Donald Trump spent the last year alternatively bellyaching and praising the Fed’s low interest rates and vowing to replace its chairwoman, Janet Yellen, when her term is up (paywall). “She should be ashamed of herself,” he said in September 2016, after accusing her of following orders from president Barack Obama. “What they [the Fed] are doing is, I believe, it’s a false market,” he said.
Well, markets are about to get real. The Fed’s position is shifting fast. And while that might suit Candidate Trump, President Trump is unlikely to be so enthusiastic.
Yellen is expected to raise US interest rates on Wednesday, Dec. 14, thanks to a tightening US labor market and rising oil prices. This will be the second increase in a decade; since the US housing market implosion and the global financial crisis, the Fed has been focused keeping money loose, aiming to spur investment and stave off deflation.
Trump’s victory has made a rate rise even more imperative. The US economy is now in reflationary “Trump boom” mode. Investors have driven stock markets to record highs, betting that Trump and the Republican Congress will pass a huge fiscal stimulus, focused in large part on infrastructure spending. Business confidence is growing as the president-elect promises cuts in taxes and in regulation that are likely to spur private investment.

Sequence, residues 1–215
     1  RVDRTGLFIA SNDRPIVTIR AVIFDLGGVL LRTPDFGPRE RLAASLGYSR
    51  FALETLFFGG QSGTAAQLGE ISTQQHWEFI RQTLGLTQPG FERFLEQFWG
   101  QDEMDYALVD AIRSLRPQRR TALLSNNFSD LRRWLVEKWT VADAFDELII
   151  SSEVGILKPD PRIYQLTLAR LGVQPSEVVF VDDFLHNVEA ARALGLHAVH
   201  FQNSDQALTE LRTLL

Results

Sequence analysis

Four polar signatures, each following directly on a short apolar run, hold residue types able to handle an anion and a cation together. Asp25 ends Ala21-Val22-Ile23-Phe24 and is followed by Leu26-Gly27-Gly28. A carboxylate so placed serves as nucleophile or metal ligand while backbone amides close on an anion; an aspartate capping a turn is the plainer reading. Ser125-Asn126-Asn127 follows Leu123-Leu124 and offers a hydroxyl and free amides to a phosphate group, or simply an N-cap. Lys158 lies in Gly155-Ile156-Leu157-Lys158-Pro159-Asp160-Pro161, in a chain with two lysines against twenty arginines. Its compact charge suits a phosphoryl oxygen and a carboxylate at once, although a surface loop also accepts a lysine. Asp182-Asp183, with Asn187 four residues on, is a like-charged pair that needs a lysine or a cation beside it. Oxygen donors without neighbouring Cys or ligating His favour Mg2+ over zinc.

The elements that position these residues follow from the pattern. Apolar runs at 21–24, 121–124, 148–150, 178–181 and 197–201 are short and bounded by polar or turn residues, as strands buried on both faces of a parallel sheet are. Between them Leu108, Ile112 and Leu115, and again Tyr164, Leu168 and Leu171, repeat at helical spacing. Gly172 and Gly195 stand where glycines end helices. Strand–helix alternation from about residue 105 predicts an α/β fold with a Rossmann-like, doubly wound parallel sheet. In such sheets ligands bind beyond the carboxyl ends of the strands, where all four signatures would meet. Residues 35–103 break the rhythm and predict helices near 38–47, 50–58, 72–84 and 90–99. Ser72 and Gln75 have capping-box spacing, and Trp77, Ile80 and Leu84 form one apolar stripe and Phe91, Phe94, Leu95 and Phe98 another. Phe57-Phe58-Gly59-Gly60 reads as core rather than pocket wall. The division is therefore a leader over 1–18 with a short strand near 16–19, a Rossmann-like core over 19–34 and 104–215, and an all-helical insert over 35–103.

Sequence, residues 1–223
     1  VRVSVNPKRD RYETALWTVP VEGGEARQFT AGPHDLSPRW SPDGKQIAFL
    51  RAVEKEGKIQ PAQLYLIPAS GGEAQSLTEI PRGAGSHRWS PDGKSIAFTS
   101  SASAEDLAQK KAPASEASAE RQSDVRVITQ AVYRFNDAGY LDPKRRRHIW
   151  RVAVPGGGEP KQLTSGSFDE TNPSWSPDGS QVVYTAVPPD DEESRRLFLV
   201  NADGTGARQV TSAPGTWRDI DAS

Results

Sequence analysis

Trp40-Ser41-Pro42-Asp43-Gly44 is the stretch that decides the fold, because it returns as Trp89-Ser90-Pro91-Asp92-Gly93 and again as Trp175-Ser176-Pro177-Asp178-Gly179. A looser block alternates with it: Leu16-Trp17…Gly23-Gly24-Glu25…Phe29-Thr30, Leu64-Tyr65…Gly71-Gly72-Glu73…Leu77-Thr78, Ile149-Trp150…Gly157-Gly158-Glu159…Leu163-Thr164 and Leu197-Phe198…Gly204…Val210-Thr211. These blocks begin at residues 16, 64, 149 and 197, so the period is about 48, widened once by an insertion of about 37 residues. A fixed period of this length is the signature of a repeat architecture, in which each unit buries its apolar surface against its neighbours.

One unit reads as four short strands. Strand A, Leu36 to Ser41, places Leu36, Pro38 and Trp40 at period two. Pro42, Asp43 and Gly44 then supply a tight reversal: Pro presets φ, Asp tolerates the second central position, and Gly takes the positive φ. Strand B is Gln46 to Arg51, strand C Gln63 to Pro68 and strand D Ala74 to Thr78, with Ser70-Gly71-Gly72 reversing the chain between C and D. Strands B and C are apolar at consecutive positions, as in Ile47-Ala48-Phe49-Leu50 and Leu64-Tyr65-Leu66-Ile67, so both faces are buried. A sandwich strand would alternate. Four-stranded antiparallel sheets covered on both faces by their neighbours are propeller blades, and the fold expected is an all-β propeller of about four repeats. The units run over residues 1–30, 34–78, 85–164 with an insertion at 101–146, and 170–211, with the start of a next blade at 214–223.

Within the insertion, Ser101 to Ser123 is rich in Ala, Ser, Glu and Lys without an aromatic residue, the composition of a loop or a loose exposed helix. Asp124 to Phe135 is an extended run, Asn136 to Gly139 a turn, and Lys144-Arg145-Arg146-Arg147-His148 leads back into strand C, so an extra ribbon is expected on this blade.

A Trump boom that boosts US economic potential by spurring business investment will not necessarily be dangerously inflationary, all else being equal. However, as employment and investment rise, prices will inevitably rise—even more so if Trump raises trade barriers as promised.
It will fall to Yellen to keep the lid on inflation. And “no president likes the central bankers who take away the punch bowl just as the party is hotting up,” as Financial Times columnist Edward Luce observes (paywall). Raising rates will likely strengthen the dollar, widening the US trade deficit, which Trump vowed to shrink.
Though Trump can’t—as promised—actually fire Yellen, he can decline to renew her tenure when her term ends in 2018. That would be a break with recent precedent given that the last three Fed chairs have all been reappointed. Trump will also get to fill two Fed board vacancies. And he can continue to encourage populists on both the right and the left to rein in the Fed’s power and make the central bank more accountable to politicians—a battle that will likely shred America’s already tattered trust in public institutions. Politicizing monetary policy would put him in the same league as Vladimir Putin and Recep Tayyip Erdoğan, both of whom bully their central banks to lower rates.
There is an upside to higher rates: They will give the Fed much more room to combat a future recession, as Stanley Fisher, Fed vice-chair, recently highlighted. But equally crucial to US—and, for that matter, global—financial stability is trust in the Fed. If Trump takes his Yellen-bashing to the White House, runaway inflation, a giant bond selloff, or an overheating economy could well follow.